Part 1: Final App Distribution:

Video Link
.AIA file
.APK file
Barcode:

Part 2: Introduction to our App:
Developers:
Hunter Moore and Felix Cavan
Title of app: People’s Resource
Programming Language Used: App Inventor

Screenshots from final app:

Main Menu Screen:

Item Registration Screen (Click on Donate button from Main Menu to access):

Item Claim Screen (Click on Claim button from Main Menu to access):

Elevator Pitch:

The name of our app is People’s Resource. It is a charity app which falls under the lifestyle category of the Play Store. Just about everyone should use our app because every household in America has things they don’t use anymore and every household needs stuff that they either can’t afford, or can’t find in retail stores nearby. However, adults would benefit because they understand what they really need in the house. There are apps that help users sell items, but there are no apps that link people to each other for a free exchange of items. Our app is innovative and unique.

Our original design for the app looked like this:

It has evolved as we expected. It consists of three screens. A main menu, which links you to the two other screens, which are the Item Registration screen and Item Claim screen. The Item Registration screen has textboxes for the user to submit their information. The item claim registration now has a category list picker, but originally we designed it for the user to type anything in, and any possible hits would appear.

Our app is socially useful because it directly gives back to the community by making donation an easy and convenient process. People who are more fortunate can give their items up for donation, while poorer communities benefit directly. It eliminates the middle man charities who might profit or misuse funds. It is a revolutionary app that is unlike anything else on the market, so it doesn’t really improve on any competitors. Everyone should be interested in using our app because you are either helping your community and getting rid of things you don’t need anymore or benefiting from someone else’s generosity.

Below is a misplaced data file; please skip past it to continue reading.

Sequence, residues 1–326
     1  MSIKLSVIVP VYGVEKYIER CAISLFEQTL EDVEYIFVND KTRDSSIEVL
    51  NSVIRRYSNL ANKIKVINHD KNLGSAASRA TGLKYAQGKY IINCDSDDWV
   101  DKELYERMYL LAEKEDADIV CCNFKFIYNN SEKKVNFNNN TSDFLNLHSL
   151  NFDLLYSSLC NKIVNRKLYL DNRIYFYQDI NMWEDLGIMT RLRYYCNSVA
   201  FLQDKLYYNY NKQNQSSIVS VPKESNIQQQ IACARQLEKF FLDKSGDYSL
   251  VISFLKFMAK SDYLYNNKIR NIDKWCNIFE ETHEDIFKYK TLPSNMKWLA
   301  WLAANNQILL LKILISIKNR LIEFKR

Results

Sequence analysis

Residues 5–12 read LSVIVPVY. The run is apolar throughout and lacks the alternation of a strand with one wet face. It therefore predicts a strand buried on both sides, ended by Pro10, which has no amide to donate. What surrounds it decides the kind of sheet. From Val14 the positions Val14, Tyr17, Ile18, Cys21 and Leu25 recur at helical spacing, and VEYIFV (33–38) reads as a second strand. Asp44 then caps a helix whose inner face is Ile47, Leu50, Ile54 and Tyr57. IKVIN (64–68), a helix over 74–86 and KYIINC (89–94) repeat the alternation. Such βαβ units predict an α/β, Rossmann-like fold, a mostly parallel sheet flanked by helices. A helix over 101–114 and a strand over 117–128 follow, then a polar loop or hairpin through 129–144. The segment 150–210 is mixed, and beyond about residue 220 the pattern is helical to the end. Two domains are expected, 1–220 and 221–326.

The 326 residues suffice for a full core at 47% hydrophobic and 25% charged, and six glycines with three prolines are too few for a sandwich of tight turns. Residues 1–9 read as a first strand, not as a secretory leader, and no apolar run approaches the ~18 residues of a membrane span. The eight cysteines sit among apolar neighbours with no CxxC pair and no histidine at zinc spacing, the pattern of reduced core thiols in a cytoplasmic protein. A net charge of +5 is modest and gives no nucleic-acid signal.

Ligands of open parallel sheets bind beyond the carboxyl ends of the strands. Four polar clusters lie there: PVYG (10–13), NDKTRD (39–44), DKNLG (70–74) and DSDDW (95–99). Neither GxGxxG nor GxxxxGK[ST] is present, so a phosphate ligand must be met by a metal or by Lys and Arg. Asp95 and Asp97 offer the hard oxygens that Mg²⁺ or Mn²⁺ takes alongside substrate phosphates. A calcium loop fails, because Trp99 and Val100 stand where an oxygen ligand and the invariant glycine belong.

Section 3: Design:
Storyboard:
1. User initiates app.
2. User clicks Donate Button.
3. Complete fields.
4. Click submit button.
5. Go back to main menu.
6. Go to Claim screen.
7. Select category of desired item.
8. Pick Item you want.
9. Look at contact information and use it to get in touch with them.
10. Return to main menu.
11. Repeat steps 2-9 as necessary.

  1. Difficulties while DevelopingThe first problem that we came across while developing our app was figuring out how to store the data on to the database instead of locally on the device. Initially we had the valueToStore under a list of a variable. We later realized that storing data in the device disappears whenever the app disconnects. But after bouncing ideas off of each other and meeting with Ms. Lake, we determined we needed to change the valuetoStore in the Firebase StoreValue block to the entire variable. We were also able to cut code of the storeValues procedure by 75% by using 4 parameters.The second problem we ran into was the DataChanged block. We wanted any update to the database to be automatically pushed through to all active users. To achieve this, we originally just called the getValue procedure. We thought this would work because it called the data from the firebase. We then discovered that we needed to add code from the GotValue event handler. This code interprets the changes, and the getValue procedure calls it and pushes it out to the active users.This was a very collaborative project. Working alone proved inefficient because we were unable to work off of each other’s ideas.2. Algorithms: